Even after watching game film Monday, the Rams' 17-14 defeat in Miami had to be one of those deals in which the head coach scratches his head and wonders out loud: How did we lose this one?
And that kind of loss is tough to take.
"Yeah, it is," Jeff Fisher said. "The numbers — the statistics — reflect a well-played game on both sides of the ball. But you have to be very careful to walk down the hall thinking that things are OK because the statistics were so skewed in our favor."
Boy, were they skewed. The Rams' 462 yards of offense marked their highest single-game output since a 37-31 overtime victory over Washington on Christmas Eve 2006. The Rams piled up 579 yards in that contest.
The Rams' 294 yards in the first half against the Dolphins was the ninth-highest first-half total in the franchise's 75-year history.
On the defensive side of the ball, the Rams allowed only 19 yards rushing to the Dolphins, the lowest total since the move to St. Louis in 1995. Additionally, the 192 total yards allowed tied for eighth-lowest in the franchise's 18 seasons here.
On Monday, Fisher had a distinct idea of how and where things went awry in south Florida.
"When you lose a close game — by a field goal — there's little things that contribute," Fisher said. "And there were some little things. But to me there was also a big thing that contributed to this loss — and that was the second quarter.
"In the second quarter, we had seven penalties, missed two field goals and turned the ball (over) inside our opponent's territory on the 25-yard line."
Plus there was a busted coverage by rookie cornerback Janoris Jenkins that resulted in Miami's first touchdown.
"At the end of the day we let things slip in the second quarter, and then we just couldn't make the plays in the second half to regain it," Fisher said. "When you're playing a close game, you don't guess on a route, and that's what happened with 'Jenks.' Sometimes he guesses right, but he thought he saw something, and the guy ran right by him."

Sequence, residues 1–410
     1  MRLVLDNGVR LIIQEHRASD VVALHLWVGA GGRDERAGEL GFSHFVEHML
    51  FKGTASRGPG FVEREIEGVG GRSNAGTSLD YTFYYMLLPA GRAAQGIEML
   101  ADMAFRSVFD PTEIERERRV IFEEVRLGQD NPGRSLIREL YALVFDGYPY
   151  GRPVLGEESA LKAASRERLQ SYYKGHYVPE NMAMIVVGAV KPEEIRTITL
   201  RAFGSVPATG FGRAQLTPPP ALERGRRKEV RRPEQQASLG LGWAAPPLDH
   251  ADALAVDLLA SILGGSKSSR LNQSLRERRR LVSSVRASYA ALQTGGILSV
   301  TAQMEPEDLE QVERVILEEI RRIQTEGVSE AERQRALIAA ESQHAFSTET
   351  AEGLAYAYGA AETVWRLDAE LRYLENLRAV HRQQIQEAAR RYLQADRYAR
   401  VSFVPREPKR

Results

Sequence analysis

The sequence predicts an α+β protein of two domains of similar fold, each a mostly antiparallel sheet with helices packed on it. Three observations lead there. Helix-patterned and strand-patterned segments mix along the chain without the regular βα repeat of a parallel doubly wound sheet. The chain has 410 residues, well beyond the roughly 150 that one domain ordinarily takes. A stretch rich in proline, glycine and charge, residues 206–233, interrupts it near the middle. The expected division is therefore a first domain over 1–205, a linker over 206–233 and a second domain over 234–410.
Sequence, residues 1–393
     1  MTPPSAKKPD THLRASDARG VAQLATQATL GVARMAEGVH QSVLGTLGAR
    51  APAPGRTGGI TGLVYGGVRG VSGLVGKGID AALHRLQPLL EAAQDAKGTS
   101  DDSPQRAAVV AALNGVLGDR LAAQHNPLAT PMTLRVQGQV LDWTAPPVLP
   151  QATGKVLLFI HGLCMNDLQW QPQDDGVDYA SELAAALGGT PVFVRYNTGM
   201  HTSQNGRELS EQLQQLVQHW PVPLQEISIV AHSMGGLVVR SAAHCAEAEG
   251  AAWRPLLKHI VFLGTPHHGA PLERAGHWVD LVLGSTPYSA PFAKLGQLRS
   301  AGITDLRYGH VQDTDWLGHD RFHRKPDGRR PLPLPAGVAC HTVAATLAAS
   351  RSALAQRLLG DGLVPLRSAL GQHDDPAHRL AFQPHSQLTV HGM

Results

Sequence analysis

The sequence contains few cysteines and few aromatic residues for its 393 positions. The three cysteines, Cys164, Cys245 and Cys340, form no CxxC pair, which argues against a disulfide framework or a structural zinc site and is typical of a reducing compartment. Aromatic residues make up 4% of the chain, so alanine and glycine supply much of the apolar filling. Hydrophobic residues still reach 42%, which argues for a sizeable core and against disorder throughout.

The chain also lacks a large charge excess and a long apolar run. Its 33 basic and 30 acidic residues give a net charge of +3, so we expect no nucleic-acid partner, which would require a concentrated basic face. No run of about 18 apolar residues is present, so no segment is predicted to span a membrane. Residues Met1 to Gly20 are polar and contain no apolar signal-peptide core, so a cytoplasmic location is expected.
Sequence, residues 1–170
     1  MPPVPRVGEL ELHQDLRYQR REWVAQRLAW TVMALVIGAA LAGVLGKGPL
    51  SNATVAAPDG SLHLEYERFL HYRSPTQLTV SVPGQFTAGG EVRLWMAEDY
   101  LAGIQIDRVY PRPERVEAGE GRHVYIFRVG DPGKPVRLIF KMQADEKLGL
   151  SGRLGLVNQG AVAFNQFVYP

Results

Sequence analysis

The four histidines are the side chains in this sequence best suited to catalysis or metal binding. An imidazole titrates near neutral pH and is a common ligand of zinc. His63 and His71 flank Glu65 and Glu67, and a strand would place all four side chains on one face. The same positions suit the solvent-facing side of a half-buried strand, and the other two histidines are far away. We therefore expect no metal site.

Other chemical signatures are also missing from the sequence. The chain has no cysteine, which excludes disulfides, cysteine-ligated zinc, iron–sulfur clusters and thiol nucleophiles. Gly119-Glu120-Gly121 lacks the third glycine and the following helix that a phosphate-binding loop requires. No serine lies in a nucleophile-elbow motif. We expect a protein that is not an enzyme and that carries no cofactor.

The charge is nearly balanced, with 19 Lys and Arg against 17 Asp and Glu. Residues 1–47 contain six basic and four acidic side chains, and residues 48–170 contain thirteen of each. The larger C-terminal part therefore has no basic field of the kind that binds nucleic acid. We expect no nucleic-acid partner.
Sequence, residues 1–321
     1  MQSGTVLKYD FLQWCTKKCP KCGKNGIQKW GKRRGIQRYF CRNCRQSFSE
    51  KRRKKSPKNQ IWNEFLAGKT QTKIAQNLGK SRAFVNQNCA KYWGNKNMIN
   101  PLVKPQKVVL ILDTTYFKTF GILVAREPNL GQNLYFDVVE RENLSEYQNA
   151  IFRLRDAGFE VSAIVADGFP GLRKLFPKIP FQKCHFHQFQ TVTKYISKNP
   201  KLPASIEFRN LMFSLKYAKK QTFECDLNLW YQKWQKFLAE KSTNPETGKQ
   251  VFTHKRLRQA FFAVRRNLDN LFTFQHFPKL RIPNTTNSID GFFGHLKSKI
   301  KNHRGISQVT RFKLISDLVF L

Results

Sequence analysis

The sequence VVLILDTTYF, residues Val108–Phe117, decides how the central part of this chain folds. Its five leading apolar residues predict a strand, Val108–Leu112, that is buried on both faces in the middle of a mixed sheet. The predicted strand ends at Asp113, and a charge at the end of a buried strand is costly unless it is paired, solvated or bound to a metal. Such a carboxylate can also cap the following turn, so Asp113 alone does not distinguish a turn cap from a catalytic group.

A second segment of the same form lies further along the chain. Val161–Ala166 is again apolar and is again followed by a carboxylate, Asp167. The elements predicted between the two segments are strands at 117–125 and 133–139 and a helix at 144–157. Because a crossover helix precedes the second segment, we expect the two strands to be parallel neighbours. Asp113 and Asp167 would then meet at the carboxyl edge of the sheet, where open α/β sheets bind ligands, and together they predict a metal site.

The result was a 29-yard touchdown catch by Marlon Moore, giving Miami a 7-6 lead — a lead the Dolphins never relinquished.
"When you put together a great defensive effort you say: How could we have done better?" Fisher said. "Well, that's certainly how you do better. You don't give up a long ball like that. I'm not singling him out per se, but in close games you can't allow those things to happen."
Fisher provided another example on offense — wide receiver Brandon Gibson played one of his best games as a Ram.
"It's hard to find a better catch than that catch in that last drive, and a couple of the other catches that he made," Fisher said. "But he double-catches one and he should get his feet (in bounds), in (Miami) territory. So he's had a great game, but what if we would've made that catch? Would things be different down there?"
Gibson's bobble came inside the Miami 20 and would've given the Rams a first down on their first drive of the game. Instead, they settled for a Greg Zuerlein field goal.
"So there's your definition of how you lose close games," Fisher said. "You have a lot of little things add up."
Even with the Rams' dominance on offense and defense, the loss to Miami also illustrates the importance of special teams play.
That unit had been very consistent in the first five games but was a big liability against Miami. Besides the three missed field goals by Zuerlein, the Rams committed the day's only turnover — on a fumbled kickoff return by Brit Miller.
"You get up in the traffic, put both hands on it and go down," Fisher said. "You see it (happen) that way too often, guys that aren't used to handling balls need to get down."
Jenkins, taking over on punt returns for the injured Danny Amendola, fumbled his first return out of bounds, costing the Rams field position by pinning them back at their 8.
"We got outplayed on special teams," long snapper Jake McQuaide said. "I think that's gonna be pretty evident."
To start the second half, Marcus Thigpen got loose for a 44-yard kickoff return, giving Miami good field position on its second TD drive.
"We had a guy in the wrong position," Fisher said.
And there was one more glaring special teams problem late in the game. On a fourth-and-1 play from the Miami 40 with 3½ minutes to play, the Dolphins lined up in punt formation. But up-back Chris Clemons took the snap and ran 3 yards for a first down.
The Rams eventually got the ball back, but the successful fake allowed the Dolphins to chew up 1½ minutes of time and forced the Rams to burn their second timeout.
"That's on me," Fisher said. "I didn't think that they would do that, or I would've left the defense out there."
Instead of keeping the starting defense on the field, the Rams had their punt return unit on the field for what turned out to be the fake on a successful gamble by Dolphins head coach Joe Philbin.